By David Swingle, MSU Class of ‘65
Shots fired? Dallas? JFK wounded or killed? I moved along with Montana State College (MSC) students who began to gravitate into and around Danforth Chapel near the center of MSC at 12:30 p.m. on Nov. 22, 1963. Somber, wide-eyed, with soft voices, we shared rumors that President Kennedy had been shot, or at least shot at, in Dallas. By means of car radios and pocket transistors we gained confirmation of the President’s death by 1:00 p.m.. But who did this? Was this the beginning of a coup, or an attack by right-wingers or Communists or Cubans or by USSR agents, perhaps by a deranged person or even elements of Kennedy’s enemies in our own government?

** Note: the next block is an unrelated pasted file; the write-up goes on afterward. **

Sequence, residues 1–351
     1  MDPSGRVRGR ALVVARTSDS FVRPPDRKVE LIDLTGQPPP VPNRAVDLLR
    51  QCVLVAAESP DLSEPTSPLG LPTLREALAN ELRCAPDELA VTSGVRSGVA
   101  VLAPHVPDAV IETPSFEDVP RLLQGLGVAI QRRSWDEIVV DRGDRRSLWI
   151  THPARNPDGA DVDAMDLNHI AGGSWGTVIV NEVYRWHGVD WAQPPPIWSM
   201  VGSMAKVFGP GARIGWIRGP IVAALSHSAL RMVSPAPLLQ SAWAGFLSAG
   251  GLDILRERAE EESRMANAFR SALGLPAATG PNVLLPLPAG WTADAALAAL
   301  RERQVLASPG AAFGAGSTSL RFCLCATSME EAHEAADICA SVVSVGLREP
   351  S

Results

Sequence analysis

Uncertainty permeated the Danforth group now jammed into the chapel and surrounded by the exterior crowd. Windows were opened to help the outsiders hear something, to get some sort of guidance. No faculty stepped forward but several students pushed to the front and addressed us from the chapel lectern. Silence among the crowd was absolute. In several short, lucid speeches they advised everyone present to remain calm and to avoid repeating the tragic and hysterical events following the Abraham Lincoln assassination 97 years previously, April 14, 1865. The ad hoc leaders led several short prayers and then advised the students to go home and to listen to information being released by radio news bulletins from Dallas.